Jordan Peterson Discusses Authoritarianism With An Intelligent Student

The video below opens with a student posing the question to Jordan Peterson as to whether an absolute right to free speech of all individuals, barring examples such as incitement to violence, in fact hinders the primary purpose of free speech, which is the pursuit of truth.

He elaborates on this thought process by using examples of the radicals on the left and the right that we see so often in modern times, where they are often the ‘loudest voices in the room,’ but are often lacking substance in their arguments. This group of individuals are often not interested in genuine debate, and consider it an offense when someone has the nerve to disagree with their ideology. Even more alarming is when they consider it a victory having been successful in shutting down the opposing points of view.

For these reasons, some people who may have an opinion contrary to the bombastic agitators, may feel that it is not worth their sacrifice of being verbally (and in some cases physically) attacked through ridicule and victimization, simply for stating their opinion. Their cost-benefit analysis in the short term does not warrant the risk. However, in the long term, if this trend continues, when taken to the extreme, the only opinions that will be heard are those of the radicals seeking to shut down dissent which can only lead to tyranny and chaos – as we have seen happen in numerous examples over the last 100 years.

The question being posed, is whether there is a benefit into having these types of individuals speech ‘curtailed’ in order to be able to pursue truth. To which Jordan Peterson responds, ‘well there is a very simple answer to that, which is yes, but I’ll elaborate.’ Jordan Peterson states that he doesn’t view favorably laws governing hates speech, but that he is not naïve to the fact that there is obviously hate speech.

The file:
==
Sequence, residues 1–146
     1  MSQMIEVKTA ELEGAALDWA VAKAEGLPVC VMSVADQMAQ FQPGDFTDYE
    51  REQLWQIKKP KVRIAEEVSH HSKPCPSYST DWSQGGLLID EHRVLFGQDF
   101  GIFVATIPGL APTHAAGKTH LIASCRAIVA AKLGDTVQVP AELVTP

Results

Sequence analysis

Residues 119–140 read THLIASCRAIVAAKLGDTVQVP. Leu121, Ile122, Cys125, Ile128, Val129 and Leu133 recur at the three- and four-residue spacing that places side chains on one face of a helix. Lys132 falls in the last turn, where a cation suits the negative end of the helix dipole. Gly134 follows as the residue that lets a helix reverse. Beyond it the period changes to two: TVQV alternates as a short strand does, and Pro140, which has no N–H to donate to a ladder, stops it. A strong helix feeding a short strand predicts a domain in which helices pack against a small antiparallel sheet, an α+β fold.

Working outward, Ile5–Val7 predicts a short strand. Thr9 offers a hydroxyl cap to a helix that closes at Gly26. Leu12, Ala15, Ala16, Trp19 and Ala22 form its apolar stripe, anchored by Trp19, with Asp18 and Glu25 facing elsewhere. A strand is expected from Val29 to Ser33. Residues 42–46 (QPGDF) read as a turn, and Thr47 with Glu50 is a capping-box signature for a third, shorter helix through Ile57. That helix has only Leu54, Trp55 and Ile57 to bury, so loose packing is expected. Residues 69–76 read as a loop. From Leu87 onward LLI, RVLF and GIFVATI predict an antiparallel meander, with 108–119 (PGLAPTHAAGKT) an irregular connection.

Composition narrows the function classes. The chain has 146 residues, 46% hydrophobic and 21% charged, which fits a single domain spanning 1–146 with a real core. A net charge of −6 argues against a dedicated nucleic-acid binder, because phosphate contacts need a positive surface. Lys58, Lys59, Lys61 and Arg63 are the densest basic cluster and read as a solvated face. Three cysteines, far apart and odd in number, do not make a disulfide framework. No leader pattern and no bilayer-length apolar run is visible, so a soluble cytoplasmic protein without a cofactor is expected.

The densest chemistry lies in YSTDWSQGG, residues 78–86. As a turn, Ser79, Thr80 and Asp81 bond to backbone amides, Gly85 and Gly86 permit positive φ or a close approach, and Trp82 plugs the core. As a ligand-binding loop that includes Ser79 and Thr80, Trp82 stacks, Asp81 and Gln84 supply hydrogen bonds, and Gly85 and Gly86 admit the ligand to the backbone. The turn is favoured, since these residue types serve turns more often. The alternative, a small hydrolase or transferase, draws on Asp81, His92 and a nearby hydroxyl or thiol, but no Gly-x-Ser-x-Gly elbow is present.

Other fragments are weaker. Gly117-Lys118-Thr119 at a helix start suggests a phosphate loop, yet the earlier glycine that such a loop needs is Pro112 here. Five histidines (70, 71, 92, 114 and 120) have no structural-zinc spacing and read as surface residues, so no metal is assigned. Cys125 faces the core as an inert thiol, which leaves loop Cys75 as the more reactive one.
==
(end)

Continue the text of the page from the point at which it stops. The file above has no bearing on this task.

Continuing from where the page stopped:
He speaks about certain restrictions already placed on what is considered acceptable discourse such as incitement to violence. He mentions the fact that it is the case that some individuals have the privilege of enjoying a greater realm of free speech for various reasons. He delves into the power element as an example of this privilege. ‘Power is the one of the means by which people climb hierarchies.’ However, the more an individual is able to climb a hierarchy as a result of accumulation of power, the more indications there are that hierarchy has become corrupt.

Jordan Peterson mentions that he believes that free speech should be ‘left alone as much as you possibly can. Not because that will result in the perfect conditions for free speech, but because anything else that you’re likely to do is going to make it worse rather than better.’

As the discussion progresses the unpacking of why free speech should as unhindered as possible is elaborated on. Let people say their hateful speech so that it is out their in the open, and society at large can reject it. The belief that hate speech can be eliminated, which is some thing radical ideologues pretend to be plausible, is foolish. The better scenario is having it out in the open so that people are able to hear as many sides of an argument as they can muster, and make decisions for themselves as to what they deem useful and reject the rest.

It is the fault of radicals being under the impression that those with whom they disagree are intellectually inferior, and are only disagreeing because of being ‘brainwashed’ by things such as media. The more likely scenario is that individuals may agree with radicals on various aspects of their views, but perhaps not a lot of it, and certainly not in its entirety. It is for this reason that free speech is crucial so that individuals with differing points of view are able to freely engage in a debate of ideas, and observers of the discussion, even participants in the discussion, are afforded the opportunity to hear as many sides of the argument as possible and come to their own conclusions on the basis of the evidence at their disposal as well as their personal experience.

The video covers the topics mentioned above in more depth and detail and additional topics not mentioned above.

WATCH the exchange here:

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